How To Respond When Pipes Burst and How to Avoid Frozen Pipes in the First Place
Wintertime in Colorado means freezing temperatures and that means freezing and burst pipes are a major concern. If you notice reduced or no flow from your faucets that can be a sign of frozen pipes. Do not despair, though, frozen pipes do not automatically mean burst ones. Many can be salvaged by slowly thawing them out. You can, however, protect yourself from being in this situation by following these simple steps:
How to Keep Pipes From Freezing
Protect your pipes from the cold weather. If we are expecting a hard freeze it would be wise to insulate your pipes.
Keep your cabinets open in the kitchen and bathrooms in order to allow warm air to reach the pipes.
Make sure your hoses are not connected to faucets and that outside faucets are turned off.
- You might try opening faucets to allow a light stream of water to constantly flow to keep pipes from freezing. This isn't a fool-proof plan, though. The water can still freeze.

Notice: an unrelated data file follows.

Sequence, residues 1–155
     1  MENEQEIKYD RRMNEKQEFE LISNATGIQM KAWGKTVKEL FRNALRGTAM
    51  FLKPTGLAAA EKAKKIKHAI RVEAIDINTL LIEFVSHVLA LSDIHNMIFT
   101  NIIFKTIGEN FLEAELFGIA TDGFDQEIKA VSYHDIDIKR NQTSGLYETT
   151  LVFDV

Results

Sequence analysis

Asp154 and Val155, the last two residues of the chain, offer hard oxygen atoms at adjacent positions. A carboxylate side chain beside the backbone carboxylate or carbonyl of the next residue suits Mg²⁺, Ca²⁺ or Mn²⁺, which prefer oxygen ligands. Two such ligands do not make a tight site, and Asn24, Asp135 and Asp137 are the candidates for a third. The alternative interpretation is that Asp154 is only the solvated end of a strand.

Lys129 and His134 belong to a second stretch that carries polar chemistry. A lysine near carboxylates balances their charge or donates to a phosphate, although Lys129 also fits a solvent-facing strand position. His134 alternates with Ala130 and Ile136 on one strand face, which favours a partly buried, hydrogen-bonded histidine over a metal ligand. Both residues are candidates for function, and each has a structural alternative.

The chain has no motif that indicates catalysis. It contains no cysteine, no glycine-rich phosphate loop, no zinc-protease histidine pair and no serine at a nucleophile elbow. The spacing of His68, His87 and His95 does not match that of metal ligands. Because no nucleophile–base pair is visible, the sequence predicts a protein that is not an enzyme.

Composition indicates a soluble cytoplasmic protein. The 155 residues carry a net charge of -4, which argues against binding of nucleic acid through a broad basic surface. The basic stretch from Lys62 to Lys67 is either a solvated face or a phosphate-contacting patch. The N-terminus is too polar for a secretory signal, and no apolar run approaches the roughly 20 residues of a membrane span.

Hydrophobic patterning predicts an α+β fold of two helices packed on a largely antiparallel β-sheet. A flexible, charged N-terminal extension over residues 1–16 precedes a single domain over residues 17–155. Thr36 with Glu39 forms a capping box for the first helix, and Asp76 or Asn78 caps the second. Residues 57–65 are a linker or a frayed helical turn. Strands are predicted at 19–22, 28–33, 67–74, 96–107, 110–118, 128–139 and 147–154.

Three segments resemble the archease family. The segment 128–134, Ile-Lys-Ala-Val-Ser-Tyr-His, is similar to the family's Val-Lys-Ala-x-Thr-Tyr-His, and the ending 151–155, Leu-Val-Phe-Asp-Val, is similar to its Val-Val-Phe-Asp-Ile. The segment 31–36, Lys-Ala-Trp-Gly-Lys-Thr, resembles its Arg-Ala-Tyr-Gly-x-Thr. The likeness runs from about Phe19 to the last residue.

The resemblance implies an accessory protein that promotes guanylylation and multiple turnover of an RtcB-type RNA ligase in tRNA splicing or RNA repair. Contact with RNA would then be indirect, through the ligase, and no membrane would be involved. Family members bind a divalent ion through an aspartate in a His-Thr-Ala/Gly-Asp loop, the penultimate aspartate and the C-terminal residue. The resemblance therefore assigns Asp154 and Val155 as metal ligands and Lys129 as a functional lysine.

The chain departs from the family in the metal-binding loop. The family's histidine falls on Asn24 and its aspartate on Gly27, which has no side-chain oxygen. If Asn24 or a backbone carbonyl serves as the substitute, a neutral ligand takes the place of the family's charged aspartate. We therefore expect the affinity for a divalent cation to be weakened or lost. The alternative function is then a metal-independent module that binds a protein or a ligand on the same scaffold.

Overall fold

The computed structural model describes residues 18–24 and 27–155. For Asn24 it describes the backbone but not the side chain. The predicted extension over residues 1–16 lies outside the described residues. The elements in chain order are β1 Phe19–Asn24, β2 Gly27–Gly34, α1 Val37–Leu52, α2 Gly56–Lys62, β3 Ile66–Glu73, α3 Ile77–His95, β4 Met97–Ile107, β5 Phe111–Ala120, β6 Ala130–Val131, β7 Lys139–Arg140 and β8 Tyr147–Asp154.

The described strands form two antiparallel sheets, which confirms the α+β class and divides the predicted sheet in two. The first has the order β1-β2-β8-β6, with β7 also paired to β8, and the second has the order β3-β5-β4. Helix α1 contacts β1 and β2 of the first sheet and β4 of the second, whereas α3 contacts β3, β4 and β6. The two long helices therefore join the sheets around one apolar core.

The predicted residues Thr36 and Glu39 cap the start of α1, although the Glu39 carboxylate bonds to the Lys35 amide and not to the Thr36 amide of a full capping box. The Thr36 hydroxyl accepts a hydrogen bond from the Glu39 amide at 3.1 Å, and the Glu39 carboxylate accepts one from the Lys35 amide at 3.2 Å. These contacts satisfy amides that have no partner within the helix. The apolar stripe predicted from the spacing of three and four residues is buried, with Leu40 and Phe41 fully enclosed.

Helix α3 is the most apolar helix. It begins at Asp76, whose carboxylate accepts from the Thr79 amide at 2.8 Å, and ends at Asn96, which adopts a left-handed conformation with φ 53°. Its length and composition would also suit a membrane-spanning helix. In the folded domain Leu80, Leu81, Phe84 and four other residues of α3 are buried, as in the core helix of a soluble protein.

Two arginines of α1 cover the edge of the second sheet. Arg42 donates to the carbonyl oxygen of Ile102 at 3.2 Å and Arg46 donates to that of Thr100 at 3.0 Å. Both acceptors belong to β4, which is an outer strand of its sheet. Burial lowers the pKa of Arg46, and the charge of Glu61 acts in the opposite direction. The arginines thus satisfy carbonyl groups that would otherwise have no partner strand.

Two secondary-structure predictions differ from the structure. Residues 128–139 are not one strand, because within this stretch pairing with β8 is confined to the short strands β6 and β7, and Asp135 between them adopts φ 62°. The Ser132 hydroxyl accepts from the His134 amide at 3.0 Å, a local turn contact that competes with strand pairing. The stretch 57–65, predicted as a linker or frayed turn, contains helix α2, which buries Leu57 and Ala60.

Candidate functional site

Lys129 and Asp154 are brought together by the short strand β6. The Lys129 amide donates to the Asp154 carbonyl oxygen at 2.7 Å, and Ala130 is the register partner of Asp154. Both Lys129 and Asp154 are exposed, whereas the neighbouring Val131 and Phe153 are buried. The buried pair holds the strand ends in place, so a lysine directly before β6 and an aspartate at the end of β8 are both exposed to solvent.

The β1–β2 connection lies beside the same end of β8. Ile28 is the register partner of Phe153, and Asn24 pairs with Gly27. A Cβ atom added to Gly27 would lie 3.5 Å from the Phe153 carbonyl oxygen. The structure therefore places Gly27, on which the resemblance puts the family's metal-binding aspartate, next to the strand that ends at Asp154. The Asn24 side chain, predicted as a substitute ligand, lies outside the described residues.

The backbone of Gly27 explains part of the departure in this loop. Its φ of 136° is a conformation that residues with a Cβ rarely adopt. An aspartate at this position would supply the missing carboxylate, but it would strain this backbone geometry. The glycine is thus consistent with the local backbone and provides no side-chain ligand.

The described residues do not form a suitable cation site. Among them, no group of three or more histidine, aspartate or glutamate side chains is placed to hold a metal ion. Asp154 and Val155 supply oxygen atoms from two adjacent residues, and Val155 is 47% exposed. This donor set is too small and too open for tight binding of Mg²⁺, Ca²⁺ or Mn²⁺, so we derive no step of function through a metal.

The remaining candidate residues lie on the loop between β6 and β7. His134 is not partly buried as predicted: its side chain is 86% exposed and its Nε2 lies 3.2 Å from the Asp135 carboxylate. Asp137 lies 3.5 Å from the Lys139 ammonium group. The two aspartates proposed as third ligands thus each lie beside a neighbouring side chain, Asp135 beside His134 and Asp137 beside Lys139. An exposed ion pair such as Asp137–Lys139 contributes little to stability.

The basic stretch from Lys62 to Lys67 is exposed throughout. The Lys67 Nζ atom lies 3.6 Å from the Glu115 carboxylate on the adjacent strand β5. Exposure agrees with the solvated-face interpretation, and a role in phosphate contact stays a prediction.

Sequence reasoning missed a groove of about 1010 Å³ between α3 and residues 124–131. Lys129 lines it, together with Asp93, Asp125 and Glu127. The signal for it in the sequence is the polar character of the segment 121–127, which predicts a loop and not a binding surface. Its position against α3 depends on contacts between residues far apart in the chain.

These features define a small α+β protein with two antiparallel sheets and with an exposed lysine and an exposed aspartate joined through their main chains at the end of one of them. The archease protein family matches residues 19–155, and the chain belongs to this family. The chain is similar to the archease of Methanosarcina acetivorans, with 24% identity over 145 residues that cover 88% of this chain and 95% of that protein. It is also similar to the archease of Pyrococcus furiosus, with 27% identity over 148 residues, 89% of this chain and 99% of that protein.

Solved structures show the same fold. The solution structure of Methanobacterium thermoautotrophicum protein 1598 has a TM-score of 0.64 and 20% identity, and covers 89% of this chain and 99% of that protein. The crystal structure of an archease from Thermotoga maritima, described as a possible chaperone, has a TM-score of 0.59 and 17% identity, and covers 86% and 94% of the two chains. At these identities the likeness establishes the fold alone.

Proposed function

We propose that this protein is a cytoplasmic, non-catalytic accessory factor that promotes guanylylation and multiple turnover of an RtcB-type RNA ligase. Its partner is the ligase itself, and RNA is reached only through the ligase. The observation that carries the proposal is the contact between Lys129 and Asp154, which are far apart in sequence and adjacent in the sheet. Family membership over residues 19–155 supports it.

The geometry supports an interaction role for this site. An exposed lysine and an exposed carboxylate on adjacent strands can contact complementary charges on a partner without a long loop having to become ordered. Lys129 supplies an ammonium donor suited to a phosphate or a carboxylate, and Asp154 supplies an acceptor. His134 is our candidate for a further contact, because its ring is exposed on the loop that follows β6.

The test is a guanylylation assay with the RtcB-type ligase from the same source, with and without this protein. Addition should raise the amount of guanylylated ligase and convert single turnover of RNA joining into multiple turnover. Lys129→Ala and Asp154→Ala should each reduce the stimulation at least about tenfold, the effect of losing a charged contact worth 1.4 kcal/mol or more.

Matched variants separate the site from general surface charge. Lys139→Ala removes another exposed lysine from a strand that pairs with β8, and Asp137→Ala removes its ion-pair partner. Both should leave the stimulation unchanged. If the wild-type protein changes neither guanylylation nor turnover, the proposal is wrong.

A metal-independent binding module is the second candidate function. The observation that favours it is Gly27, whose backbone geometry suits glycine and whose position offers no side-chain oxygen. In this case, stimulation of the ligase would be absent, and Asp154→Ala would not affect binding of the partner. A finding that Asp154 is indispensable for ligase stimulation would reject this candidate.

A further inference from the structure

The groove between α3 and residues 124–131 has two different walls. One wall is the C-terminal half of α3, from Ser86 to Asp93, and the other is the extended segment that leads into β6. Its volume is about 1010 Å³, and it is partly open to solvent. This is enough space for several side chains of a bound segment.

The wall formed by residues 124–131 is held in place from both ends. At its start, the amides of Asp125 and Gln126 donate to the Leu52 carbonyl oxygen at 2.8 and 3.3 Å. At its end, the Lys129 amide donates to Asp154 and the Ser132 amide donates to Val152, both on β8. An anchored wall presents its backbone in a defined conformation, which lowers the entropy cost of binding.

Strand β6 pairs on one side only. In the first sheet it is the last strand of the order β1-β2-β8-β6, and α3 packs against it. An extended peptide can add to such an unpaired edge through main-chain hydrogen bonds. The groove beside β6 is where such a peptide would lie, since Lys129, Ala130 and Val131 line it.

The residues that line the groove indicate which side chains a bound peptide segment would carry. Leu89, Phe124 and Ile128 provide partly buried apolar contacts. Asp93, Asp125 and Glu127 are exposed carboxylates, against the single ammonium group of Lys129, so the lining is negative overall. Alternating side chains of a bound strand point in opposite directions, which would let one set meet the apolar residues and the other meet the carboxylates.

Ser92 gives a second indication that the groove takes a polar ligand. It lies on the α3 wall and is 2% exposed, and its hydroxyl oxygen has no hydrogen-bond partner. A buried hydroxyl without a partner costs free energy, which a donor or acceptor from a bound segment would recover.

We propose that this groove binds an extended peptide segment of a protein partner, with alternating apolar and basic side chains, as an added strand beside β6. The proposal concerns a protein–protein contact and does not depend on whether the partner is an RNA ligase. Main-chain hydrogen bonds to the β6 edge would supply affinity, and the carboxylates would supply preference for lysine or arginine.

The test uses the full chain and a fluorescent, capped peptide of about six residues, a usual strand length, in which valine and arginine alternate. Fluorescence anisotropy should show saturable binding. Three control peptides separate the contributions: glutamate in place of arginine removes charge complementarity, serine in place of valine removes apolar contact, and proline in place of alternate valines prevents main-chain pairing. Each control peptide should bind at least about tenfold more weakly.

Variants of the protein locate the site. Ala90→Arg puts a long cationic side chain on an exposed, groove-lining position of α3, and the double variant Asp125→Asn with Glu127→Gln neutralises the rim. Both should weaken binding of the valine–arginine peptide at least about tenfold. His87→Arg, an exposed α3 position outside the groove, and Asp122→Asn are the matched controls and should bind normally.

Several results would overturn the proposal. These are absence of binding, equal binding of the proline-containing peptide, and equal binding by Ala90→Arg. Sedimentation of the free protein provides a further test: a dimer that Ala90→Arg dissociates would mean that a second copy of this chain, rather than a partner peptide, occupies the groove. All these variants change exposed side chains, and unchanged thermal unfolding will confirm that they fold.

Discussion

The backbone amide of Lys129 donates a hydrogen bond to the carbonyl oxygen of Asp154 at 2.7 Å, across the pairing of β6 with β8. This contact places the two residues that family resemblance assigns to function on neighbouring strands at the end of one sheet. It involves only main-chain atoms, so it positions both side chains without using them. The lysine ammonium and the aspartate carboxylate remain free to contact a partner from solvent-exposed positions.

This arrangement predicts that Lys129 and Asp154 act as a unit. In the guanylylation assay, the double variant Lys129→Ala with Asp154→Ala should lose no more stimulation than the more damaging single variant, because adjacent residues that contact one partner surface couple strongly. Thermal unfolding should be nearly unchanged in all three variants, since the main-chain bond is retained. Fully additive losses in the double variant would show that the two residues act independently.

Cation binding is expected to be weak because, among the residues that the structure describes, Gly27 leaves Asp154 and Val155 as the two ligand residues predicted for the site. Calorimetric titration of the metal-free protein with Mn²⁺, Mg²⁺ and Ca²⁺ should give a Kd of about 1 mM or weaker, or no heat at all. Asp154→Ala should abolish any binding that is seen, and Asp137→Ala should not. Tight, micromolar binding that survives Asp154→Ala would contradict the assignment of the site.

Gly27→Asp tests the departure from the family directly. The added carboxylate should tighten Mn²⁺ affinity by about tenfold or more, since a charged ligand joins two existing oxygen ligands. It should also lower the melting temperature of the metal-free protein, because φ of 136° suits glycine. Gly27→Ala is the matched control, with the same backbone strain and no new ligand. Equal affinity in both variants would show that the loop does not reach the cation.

- If you are going out of town, consider turning off the water at the main shut-off valve to prevent disastrous water damage while you are away.
Actions to Take if Pipes Burst
1. Shut off the main water valve. If a water pipe bursts, turn off the water at the main shut-off valve.
- In most single-family homes, the shut-off valve is in the basement or in the crawl space, on a wall facing the street (usually at the water meter or where the main line enters the house).
2. Leave the faucet(s) open to reduce the pressure until repairs are completed. After you have turned off the main shut-off value, you may also want to open hot and cold faucets in the lowest level of the house to allow water to drain.
3. Do not try to thaw a frozen pipe with an open flame as this will damage the pipe and may even start a building fire.
After you've followed these steps it is important to call in a professional to mitigate your damage and restore your home. Abbotts offers emergency water damage dispatch day or night.